Onkyo TX-8511 Repair Help - AVS Forum
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post #1 of 7 Old 04-02-2010, 02:29 PM - Thread Starter
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Hey all. I thought I would cast about for some help where I am comfortable first. I am not an electronics repair tech but know my way around a soldering iron.

I was given a fried Onkyo TX-8511. The original owner told me that one day the mains fuse inside blew out on them. They replaced it but nothing happened after that.

I popped the hood. Their new mains fuse was fine. I gave the unit a general look over and didn't see anything obviously blown. All caps looked good. Ran the multimeter in a few spots to verify what I could. Best I could figure was that perhaps the main power supply had gone south. It didn't hum when plugged in, or warm up. The display on the front was completely dead. No relay clicks when plugged into the mains. The switched outlets on the back remained off.

During the course of general poking and prodding I pulled the entire front off the amp to get a better look around. This included pulling the white ribbon cable that connects the display and front controls to the main board.

Not having any luck I decided to wrap it up for the day, put everything back together, and "just in case" I jarred something, I plugged it back in.

Heard a relay click, something sizzle and then the main fuse popped all at the same time.

Turns out I had forgotten to plug the ribbon cable back in. When I did this it allowed something to power up and then promptly blow out the fuse. I tested this theory by putting another fuse in, putting the ribbon cable in place, and plugging her in. Nothing. Pulled the ribbon while live, and then the relay clicked, fuse blew, etc.

By smell and touch (warmth) I traced back to these guys:



Obviously the one on the left is not feeling too well. What is this? A regulator?

Here's an overhead shot of the guts, with the location of the (regulators or whatever they are) circled.



So my questions are these: assuming this regulator was already toast, could it be the source of the unit being dead? If so, do you they tend to take other components down with them?

If not, and the blown (regulator) is symptomatic of something else, any ideas what that could be? The power supply perhaps?

A shot in the dark I realize, but what the heck Thanks in advance for any help.
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post #2 of 7 Old 04-03-2010, 05:53 AM - Thread Starter
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Well, perhaps that component isn't broken. I found a picture of the part elsewhere and it looks identical.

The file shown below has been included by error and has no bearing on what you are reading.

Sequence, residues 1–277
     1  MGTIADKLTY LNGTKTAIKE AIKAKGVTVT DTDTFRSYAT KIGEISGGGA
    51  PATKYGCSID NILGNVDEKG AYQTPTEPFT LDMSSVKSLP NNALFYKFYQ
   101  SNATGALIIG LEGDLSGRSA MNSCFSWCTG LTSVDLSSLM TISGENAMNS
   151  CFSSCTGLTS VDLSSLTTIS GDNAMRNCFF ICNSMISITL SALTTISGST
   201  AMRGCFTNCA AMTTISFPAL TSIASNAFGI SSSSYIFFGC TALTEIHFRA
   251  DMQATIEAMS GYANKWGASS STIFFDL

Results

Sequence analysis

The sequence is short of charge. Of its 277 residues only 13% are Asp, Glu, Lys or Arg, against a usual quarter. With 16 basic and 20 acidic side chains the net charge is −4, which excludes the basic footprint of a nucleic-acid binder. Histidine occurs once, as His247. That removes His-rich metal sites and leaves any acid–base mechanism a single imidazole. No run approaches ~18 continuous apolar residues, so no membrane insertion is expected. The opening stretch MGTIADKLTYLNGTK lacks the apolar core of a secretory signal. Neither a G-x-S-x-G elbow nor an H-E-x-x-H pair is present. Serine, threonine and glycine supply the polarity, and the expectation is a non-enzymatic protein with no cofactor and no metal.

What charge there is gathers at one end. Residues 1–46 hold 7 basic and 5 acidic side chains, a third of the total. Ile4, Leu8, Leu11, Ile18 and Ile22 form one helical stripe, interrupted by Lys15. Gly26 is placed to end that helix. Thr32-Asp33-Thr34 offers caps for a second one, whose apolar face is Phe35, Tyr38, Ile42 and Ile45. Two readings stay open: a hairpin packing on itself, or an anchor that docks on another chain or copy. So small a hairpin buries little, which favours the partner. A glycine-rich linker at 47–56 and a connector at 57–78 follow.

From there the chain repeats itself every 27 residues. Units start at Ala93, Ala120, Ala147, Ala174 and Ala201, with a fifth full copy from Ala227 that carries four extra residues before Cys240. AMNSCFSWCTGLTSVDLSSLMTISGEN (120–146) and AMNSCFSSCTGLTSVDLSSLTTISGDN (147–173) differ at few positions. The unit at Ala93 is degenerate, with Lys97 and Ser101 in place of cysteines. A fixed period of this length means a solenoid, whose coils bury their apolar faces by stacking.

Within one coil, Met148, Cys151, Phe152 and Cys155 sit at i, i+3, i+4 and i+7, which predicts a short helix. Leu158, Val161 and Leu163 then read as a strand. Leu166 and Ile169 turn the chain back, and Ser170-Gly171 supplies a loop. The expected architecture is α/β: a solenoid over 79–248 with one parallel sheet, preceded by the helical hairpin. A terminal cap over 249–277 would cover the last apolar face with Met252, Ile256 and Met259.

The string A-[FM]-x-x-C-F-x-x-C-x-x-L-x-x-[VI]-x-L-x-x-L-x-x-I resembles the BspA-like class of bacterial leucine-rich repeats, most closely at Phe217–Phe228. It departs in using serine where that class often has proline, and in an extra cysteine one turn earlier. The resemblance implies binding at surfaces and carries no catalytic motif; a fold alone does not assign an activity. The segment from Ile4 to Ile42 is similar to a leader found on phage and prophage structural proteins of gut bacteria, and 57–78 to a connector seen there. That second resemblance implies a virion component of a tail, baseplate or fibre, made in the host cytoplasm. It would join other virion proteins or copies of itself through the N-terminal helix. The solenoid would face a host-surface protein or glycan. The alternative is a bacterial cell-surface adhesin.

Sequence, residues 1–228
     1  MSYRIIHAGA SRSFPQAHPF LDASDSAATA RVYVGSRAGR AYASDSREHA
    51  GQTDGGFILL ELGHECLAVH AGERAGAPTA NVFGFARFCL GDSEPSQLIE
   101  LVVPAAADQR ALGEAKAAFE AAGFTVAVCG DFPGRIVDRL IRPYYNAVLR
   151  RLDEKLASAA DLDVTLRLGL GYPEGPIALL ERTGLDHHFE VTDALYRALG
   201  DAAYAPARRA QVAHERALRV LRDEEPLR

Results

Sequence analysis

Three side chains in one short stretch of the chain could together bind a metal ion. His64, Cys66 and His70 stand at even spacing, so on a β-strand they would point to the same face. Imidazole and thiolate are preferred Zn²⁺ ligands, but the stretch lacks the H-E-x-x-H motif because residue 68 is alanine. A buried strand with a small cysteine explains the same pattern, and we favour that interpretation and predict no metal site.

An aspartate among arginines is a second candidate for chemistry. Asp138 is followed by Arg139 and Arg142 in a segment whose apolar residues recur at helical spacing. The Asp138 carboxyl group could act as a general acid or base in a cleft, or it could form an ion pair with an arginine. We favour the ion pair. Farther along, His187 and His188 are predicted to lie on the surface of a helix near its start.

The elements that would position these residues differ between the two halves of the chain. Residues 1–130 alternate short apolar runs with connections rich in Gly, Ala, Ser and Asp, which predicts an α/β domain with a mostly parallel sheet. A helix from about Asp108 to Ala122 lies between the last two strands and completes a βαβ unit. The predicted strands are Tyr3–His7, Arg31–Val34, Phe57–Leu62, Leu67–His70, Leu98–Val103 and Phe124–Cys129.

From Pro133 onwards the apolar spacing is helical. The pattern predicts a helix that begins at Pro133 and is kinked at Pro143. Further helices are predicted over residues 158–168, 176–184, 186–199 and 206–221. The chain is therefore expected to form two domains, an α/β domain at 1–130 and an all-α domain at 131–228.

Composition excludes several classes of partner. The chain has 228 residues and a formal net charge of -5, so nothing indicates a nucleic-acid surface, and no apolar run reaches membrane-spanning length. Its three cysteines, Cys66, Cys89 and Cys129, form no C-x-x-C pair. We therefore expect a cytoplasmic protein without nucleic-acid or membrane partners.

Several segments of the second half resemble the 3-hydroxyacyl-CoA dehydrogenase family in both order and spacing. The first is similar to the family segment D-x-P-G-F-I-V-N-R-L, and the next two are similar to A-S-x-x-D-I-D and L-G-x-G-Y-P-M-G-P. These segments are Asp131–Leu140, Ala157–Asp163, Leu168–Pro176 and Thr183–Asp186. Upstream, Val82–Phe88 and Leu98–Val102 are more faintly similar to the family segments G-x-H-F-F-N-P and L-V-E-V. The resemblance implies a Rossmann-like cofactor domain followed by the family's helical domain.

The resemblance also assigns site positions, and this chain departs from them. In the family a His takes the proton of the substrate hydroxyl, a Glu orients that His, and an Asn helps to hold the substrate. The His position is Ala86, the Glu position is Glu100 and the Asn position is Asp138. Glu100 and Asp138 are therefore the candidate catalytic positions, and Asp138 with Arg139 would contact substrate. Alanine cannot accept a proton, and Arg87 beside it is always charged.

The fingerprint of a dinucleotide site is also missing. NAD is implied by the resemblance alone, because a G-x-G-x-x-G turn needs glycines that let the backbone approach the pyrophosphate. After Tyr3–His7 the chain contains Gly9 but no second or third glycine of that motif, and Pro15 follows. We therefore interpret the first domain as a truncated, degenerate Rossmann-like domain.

Anyone have any ideas?
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post #3 of 7 Old 04-06-2010, 04:03 PM - Thread Starter
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...crickets...

Nothing? Bummer.
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post #4 of 7 Old 04-06-2010, 04:21 PM
 
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What does your multimeter tell you about the regulators?
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post #5 of 7 Old 04-06-2010, 04:24 PM - Thread Starter
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Thank you for your reply.

I'm not sure how to test them without running power through them, and when I do that (see above WRT the front panel ribbon cable), it (or they) starts to smoke.
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post #6 of 7 Old 04-06-2010, 05:42 PM
 
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From the left, pin 1 is the input, pin 2 is ground or some reference voltage, pin 3 is the output. Check resistance to ground from all 3, the in and out should be relatively high resistance. If there's a short in the circuit fed by the regulator, or the reg is shorted internally, you'll see it. Since the fuse that blows feeds the regulator, it looks like the fault is there. A good regulator would probably survive a short in the rest of the circuit and shut itself down.
If everything looks good, remove the regulator, apply power and see if the raw voltage is at the regulators input, if the fuse blows at least you've isolated the fault.
Is the power supply a transformer, rectifier, cap? or an SMPS?
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post #7 of 7 Old 04-07-2010, 06:46 AM - Thread Starter
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Thanks, I'll give that a go this weekend and see what I find.
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